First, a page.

February 26, 2004 at 1:21 PM CST - Updated June 26 at 11:25 AM
by Julie Tam
An East Texas hospital is the first in our area to perform a groundbreaking surgery. A Henderson man underwent heart surgery with the use of robots.
It's hard to imagine that 60-year-old Jerry Wade underwent triple bypass heart surgery just over a week ago.
"It's just been amazing," he said. "Here it is, eight days later, and I'm up and around and just a little tired, but [have] very little pain."
Before last Monday, Jerry would have still been recovering for several more weeks. But that was before the world's most advanced robotic surgery was made possible in East Texas. Trinity Mother Frances in Tyler is the first hospital in the area to use the minimally-invasive da Vinci surgical system.
Dr. William Turner is the surgeon who operated on Jerry by moving robotic arms to mimic what the human hand would normally do. Da Vinci is the only FDA-approved technology in the U.S. that allows the surgeon this type of intuitive control and fine tissue manipulation.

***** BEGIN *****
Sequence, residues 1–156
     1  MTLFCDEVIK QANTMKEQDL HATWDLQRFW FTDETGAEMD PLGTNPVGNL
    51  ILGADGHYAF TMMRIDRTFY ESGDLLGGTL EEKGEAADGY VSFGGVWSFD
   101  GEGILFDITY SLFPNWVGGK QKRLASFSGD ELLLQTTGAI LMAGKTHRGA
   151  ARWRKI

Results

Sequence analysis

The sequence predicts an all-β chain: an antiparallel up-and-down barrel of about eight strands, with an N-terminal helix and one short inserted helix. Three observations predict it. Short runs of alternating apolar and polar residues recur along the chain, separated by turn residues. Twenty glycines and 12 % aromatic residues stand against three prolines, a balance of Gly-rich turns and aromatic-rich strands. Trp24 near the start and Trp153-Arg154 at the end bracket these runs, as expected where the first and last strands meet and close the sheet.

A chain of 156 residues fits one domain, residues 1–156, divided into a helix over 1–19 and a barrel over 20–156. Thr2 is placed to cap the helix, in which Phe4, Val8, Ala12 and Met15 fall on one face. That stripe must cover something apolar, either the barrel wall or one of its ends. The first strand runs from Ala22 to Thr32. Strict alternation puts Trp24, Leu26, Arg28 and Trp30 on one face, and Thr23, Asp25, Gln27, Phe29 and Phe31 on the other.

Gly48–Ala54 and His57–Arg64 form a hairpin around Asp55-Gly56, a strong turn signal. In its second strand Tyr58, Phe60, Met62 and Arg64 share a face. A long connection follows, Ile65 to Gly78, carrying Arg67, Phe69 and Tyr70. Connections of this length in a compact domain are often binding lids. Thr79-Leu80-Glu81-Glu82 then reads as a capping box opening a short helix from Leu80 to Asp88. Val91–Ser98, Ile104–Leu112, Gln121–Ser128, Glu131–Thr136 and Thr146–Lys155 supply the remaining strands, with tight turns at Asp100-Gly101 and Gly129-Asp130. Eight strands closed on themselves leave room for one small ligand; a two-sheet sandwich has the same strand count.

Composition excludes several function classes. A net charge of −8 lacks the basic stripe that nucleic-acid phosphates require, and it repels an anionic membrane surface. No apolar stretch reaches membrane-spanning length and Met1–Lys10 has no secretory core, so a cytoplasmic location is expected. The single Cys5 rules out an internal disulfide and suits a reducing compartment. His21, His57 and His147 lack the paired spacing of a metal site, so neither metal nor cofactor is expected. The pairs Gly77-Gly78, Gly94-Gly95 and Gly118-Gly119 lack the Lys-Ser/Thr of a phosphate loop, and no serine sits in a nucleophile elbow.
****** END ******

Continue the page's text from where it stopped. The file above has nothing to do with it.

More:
"The most obvious benefit is that you're able to get the maneuverability of the human hand into a very small cavity," Dr. Turner said.
Heart surgeons used to have to open up the entire chest cavity by cutting through the breast bone and ribs. Now, robotic surgery allows for less blood loss, less scarring, and less risk of infection.
"There's a small incision on the left breast," Wade said. "And then there's a small cut above and below."
Surgeons say da Vinci is more precise than the human hand alone. But it needs human control because the robot cannot make decisions. Doctors predict robotic surgery will soon become the norm for all surgeries.